State Department spokesman Sean McCormack said Wednesday’s attack had “all the hallmarks of al Qaeda.” Security upgrades to the San’a embassy, combined with quick responses, saved American lives, he said.

With the investigation just beginning, U.S. officials said, they could not rule out suspicions that the attack was a precursor to others against U.S. targets.

“Al Qaeda and other terrorist groups remain intent on attacking U.S. interests at home and abroad, but that’s a general, long-standing desire,” the counterterrorism official said.

However, Bruce Riedel, a Middle East and counterterrorism specialist and former senior staffer on the White House National Security Council, told The Washington Times that this may have been al Qaeda’s primary attack for 2008.

“I suspect this was intended to be one of al Qaeda’s major attacks this year,” Mr. Riedel said. He noted that the massive attack occurred just after a new tape by al Qaeda No. 2 Ayman al-Zawahri surfaced and was close to the anniversary of the Sept. 11 terrorist attacks.

“They were hoping for a significant attack at an American target outside Afghanistan and Iraq,” he said.

A group calling itself Islamic Jihad claimed responsibility. A Defense Department official, who spoke on the condition of anonymity because of the ongoing investigation, said that the group, not to be confused with a Palestinian organization of the same name, was probably a branch of al Qaeda.

Jeffrey Addicott, director of the Center for Terrorism Law at St. Mary’s University in San Antonio, said al Qaeda was put on the defensive after Sept. 11 but appears to be making a resurgence.

“This attack in Yemen shows they are starting to take the offense” again, Mr. Addicott said. “They view the struggle as one that has existed for hundreds of years and will continue on into the indefinite future. Thus, an attack in one place in time may or may not be indicative of a larger attack … but that possibility cannot be ruled out.”

Over the past year, U.S. defense and intelligence officials have noted a surge in recruitment by al Qaeda of operatives from Western nations and Africa. An August security report obtained by The Times that dealt with Afghanistan and the tribal region straddling the Afghanistan-Pakistan border warned that “U.S., British and German citizens” are training and operating there.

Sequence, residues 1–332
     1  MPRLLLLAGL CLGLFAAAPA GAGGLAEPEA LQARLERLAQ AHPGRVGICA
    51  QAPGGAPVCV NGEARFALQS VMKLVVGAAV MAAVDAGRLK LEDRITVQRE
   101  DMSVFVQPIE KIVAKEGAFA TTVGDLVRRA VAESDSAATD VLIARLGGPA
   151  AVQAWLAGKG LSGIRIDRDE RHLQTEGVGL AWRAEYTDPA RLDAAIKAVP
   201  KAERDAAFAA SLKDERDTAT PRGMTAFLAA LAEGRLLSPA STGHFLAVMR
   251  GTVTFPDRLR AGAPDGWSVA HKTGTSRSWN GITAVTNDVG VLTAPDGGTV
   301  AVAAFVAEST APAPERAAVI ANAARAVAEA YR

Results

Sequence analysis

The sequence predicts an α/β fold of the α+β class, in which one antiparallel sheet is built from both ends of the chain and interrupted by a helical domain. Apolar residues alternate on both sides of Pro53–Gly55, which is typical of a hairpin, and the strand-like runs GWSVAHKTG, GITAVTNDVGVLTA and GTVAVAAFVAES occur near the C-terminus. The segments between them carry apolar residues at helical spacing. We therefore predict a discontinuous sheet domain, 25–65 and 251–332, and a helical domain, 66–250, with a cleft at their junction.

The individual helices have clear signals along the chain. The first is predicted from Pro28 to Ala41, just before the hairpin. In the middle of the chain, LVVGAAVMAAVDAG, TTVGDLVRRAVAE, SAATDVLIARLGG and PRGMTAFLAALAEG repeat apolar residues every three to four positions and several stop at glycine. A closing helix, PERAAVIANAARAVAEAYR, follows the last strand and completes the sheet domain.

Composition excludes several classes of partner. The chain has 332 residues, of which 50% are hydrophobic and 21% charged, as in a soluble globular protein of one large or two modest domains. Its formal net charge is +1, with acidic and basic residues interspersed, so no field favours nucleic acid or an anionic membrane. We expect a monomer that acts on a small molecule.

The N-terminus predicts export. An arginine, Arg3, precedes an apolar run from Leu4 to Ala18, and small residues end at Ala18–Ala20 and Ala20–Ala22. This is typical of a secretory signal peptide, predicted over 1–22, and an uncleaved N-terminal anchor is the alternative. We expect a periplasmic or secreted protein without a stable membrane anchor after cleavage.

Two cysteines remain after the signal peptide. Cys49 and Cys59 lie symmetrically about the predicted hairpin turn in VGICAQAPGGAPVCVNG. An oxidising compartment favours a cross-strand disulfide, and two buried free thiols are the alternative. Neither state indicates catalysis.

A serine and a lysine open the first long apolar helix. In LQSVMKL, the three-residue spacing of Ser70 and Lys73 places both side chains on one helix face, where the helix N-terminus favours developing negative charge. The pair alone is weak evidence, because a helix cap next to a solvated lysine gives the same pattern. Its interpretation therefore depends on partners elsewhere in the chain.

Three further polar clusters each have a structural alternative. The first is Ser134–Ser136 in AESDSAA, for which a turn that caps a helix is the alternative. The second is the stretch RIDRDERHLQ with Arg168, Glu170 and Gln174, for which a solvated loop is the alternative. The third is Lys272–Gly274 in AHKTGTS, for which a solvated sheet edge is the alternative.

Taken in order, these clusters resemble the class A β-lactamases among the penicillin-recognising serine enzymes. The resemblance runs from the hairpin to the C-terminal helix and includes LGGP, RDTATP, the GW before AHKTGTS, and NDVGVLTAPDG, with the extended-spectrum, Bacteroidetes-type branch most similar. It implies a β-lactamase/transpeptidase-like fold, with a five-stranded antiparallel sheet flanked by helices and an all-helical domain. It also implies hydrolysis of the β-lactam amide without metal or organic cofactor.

“These are serious concerns and we can’t rule out that they are being trained for attacks in the U.S. or Europe,” the U.S. official in Kabul said.

Yemen presents an easier venue for attack, Mr. Riedel said.

“Yemen has been the al Qaeda franchise that has been the most difficult to root out,” said Mr. Riedel, author of an upcoming book, “The Search for al Qaeda.” “We have been trying to break the al Qaeda operation there since the Cole bombing in 2000. We have landed significant blows but it keeps rising from the ashes.”

Mr. Riedel also said that the “government of Yemen has been a halfhearted partner in this,” arresting suspects and then letting them go after short jail times. There have also been prison breaks that Mr. Riedel said were probably inside jobs.

In 2003, 10 of 17 Yemenis arrested in the Cole bombing, which killed 17 Americans, escaped from jail. A prime suspect, Jamal al-Badawi, escaped in 2004 and was re-arrested last year under U.S. pressure.

The Yemeni government is reluctant to impose a harsh crackdown because it does not want to antagonize local tribes and Islamic groups, Mr. Riedel said. “Yemen is a pretty hard place to govern,” he added. “No government in San’a has had full control of the interior of the country.”

• This article is based in part on wire service reports.

Copyright © 2018 The Washington Times, LLC. Click here for reprint permission.

The Washington Times Comment Policy

The Washington Times welcomes your comments on Spot.im, our third-party provider. Please read our Comment Policy before commenting.


Click to Read More and View Comments

Click to Hide